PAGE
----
Every group of tissue in the body needs oxygen to function, and this includes the heart. Since the heart needs oxygen as well, how does it supply itself with oxygen? The heart receives oxygen when the blood is passing out of the heart through the aortic valve. There are two different arteries which are responsible for transporting some blood to the heart. The coronary artery and the circumflex artery are responsible for delivering oxygenated blood to the heart and break up into several branches in the heart region.
A cardiac arrest or heart attack can occur if the arteries that supply the heart with blood are blocked. Heart attacks can potentially be different from cardiac arrest, though there is some overlap between the two conditions. Cardiac arrest occurs when the heart ceases to function properly, and while various conditions can lead to cardiac arrest, the primary cause of cardiac arrest is the upset of the heart’s regular rhythm. A heart attack can interrupt the rhythm at which the heart beats, but it isn’t the only way for cardiac arrest to occur. The heart has its own cells that ensure contractions happen at the proper rhythm, natural pacemaker cells. Each one of these pacemaker cells can follow a certain rhythm or set the rhythm for the heart to beat at. Irregular heartbeat and atrial fibrillation problems can occur when the various pacemaker cells within the heart are trying to establish their own rhythms, and as a result, the cells will beat out of sync instead of in rhythm.
Regular healthy heart contractions are carried out in different phases. The first phase of a heart contraction is early diastole. In this phase the heart is relaxed. The second phase of the contraction is when the atrium of the heart pushes the blood into the ventricles, and this phase is referred to as atrial systole. The ventricles begin contracting during the third phase of the process, ventricular systole. The volume of the ventricle doesn’t change during ventricular systole. The fourth phase of the process is atrial diastole, and during this phase, the atria is filled with blood coming from the vena cavae. Finally, the last phase of the contraction process is referred to as ventricular diastole, and it is where the ventricles fill with blood coming from the atria. This phase actually starts slightly before atrial diastole, though it may finish afterward.
List Of Heart Structures
- Ventricles – The bottom two heart chambers.
- Atra – The upper two heart chambers.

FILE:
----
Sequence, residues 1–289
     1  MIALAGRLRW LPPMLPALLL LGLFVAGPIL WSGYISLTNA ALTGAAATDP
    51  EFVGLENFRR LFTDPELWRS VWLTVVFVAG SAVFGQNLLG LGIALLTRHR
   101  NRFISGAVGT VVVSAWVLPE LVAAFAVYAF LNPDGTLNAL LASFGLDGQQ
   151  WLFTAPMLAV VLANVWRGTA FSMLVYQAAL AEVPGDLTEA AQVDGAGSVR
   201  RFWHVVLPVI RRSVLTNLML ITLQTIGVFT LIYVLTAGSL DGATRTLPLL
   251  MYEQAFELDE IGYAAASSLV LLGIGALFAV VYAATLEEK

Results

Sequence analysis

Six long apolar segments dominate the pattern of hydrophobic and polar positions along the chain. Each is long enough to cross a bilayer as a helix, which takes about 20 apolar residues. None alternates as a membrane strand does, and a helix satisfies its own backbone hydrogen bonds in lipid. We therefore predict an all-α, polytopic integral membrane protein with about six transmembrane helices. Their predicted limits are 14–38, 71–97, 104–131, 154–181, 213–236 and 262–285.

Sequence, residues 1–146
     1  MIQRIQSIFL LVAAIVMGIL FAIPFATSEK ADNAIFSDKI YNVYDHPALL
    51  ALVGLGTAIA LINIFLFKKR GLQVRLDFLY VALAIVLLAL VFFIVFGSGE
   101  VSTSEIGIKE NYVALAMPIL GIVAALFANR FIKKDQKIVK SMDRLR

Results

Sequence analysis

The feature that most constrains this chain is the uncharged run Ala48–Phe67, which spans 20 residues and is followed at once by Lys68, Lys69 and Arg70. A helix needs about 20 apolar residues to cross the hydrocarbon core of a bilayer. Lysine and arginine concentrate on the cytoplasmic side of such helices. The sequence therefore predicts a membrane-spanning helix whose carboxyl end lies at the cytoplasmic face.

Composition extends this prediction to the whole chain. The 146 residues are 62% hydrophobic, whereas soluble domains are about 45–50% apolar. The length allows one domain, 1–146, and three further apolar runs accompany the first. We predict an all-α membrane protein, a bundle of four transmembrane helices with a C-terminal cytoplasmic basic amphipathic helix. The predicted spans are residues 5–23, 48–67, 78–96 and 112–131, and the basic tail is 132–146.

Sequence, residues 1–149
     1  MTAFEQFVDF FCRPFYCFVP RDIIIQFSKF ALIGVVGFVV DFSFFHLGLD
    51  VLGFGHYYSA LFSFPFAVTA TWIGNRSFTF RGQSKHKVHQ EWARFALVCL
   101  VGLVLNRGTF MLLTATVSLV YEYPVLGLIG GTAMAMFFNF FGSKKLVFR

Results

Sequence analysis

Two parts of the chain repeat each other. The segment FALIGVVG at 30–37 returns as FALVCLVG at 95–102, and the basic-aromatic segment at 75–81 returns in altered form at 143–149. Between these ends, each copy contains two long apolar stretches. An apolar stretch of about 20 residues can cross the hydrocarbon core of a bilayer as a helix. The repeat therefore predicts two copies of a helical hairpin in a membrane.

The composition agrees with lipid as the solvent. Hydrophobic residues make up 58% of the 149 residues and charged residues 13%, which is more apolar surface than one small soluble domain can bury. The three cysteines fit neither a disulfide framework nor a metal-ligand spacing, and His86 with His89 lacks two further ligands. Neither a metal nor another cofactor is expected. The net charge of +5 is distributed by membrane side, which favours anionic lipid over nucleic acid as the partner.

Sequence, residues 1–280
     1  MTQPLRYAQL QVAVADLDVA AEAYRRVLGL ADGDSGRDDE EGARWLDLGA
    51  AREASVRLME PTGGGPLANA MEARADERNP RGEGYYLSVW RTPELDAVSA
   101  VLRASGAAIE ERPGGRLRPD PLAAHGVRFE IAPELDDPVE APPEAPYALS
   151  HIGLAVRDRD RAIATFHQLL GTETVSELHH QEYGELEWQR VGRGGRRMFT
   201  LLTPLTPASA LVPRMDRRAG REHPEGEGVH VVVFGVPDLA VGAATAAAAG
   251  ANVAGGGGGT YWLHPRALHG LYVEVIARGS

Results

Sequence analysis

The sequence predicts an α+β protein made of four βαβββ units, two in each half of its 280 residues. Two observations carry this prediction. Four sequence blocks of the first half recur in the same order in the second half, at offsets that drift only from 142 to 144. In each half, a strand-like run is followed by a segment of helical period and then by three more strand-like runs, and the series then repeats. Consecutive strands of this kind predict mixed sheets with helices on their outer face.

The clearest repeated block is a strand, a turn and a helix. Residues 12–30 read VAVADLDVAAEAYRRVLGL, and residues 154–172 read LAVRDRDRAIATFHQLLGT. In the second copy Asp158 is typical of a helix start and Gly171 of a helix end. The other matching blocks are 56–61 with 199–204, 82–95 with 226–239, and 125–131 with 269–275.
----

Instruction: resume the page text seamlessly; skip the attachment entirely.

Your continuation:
Wall Of The Heart
- Sinoatrial Node – A collection of tissue that releases electrical impulses and defines the rate of contraction for the heart.
- Atrioventricular Bundle – The fibers which transmit cardiac impulses.
- Atrioventricular Node – Nodal tissue which relays cardiac impulses and assists the sinoatrial node in causing contractions.
Valves Of The Heart
- Mitral Valve – Functions to prevent backflow of blood during the pumping of blood into the left ventricle from the left atrium.
- Aortic Valve – Functions to prevent the backflow of blood while it is pumped to the aorta from the left ventricle of the heart.
- Tricuspid Valve – Prevents the reversal of blood flow while the blood is pumped into the right ventricle from the right atrium.
- Pulmonary Valve – Prevents the reversal of blood flow while the blood is pumped into the pulmonary artery from the right ventricle.
- Aorta – The aorta is the structure from which the majority of the major arteries branch off from. It is also the biggest artery in the human body.
- Brachiocephalic Artery – This artery is responsible for transporting blood from the aorta to the arms, neck, and head.
- Carotid Arteries – These arteries bring blood to the neck and head from the heart.
- Common iliac arteries – These arteries transport blood from the heart to the legs and feet, originating at the abdominal aorta.
- Coronary arteries – The coronary arteries transport blood to the heart itself.
- Pulmonary artery – This artery brings deoxygenated blood to the lungs from the heart’s right ventricle.
- Subclavian Arteries – The subclavian arteries transport blood to the arms.
- Pulmonary Veins – These veins are what transport blood and oxygen to the heart from the lungs.
- Venae Cavae – These are responsible for transporting de-oxygenated blood to the heart from the other parts of the body.
- Common iliac veins – These veins join together to compose the inferior venae cavae.
- Brachiocephalic veins – The brachiocephalic veins join together to compose the superior venae cavae.